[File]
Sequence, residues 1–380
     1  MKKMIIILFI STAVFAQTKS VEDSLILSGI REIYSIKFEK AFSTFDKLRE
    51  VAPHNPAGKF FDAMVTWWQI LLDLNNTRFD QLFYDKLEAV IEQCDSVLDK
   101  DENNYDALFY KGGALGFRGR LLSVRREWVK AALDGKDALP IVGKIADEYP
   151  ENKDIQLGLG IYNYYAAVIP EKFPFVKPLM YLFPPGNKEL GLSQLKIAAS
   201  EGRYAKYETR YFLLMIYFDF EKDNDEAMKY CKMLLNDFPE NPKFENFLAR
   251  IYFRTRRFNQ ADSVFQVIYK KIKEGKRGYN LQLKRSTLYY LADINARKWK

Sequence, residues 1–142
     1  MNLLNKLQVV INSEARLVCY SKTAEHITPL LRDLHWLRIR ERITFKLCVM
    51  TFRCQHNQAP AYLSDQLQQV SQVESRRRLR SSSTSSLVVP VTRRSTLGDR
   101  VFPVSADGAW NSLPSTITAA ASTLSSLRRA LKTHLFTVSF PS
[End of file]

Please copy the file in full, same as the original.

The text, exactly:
Sequence, residues 1–380
     1  MKKMIIILFI STAVFAQTKS VEDSLILSGI REIYSIKFEK AFSTFDKLRE
    51  VAPHNPAGKF FDAMVTWWQI LLDLNNTRFD QLFYDKLEAV IEQCDSVLDK
   101  DENNYDALFY KGGALGFRGR LLSVRREWVK AALDGKDALP IVGKIADEYP
   151  ENKDIQLGLG IYNYYAAVIP EKFPFVKPLM YLFPPGNKEL GLSQLKIAAS
   201  EGRYAKYETR YFLLMIYFDF EKDNDEAMKY CKMLLNDFPE NPKFENFLAR
   251  IYFRTRRFNQ ADSVFQVIYK KIKEGKRGYN LQLKRSTLYY LADINARKWK

Sequence, residues 1–142
     1  MNLLNKLQVV INSEARLVCY SKTAEHITPL LRDLHWLRIR ERITFKLCVM
    51  TFRCQHNQAP AYLSDQLQQV SQVESRRRLR SSSTSSLVVP VTRRSTLGDR
   101  VFPVSADGAW NSLPSTITAA ASTLSSLRRA LKTHLFTVSF PS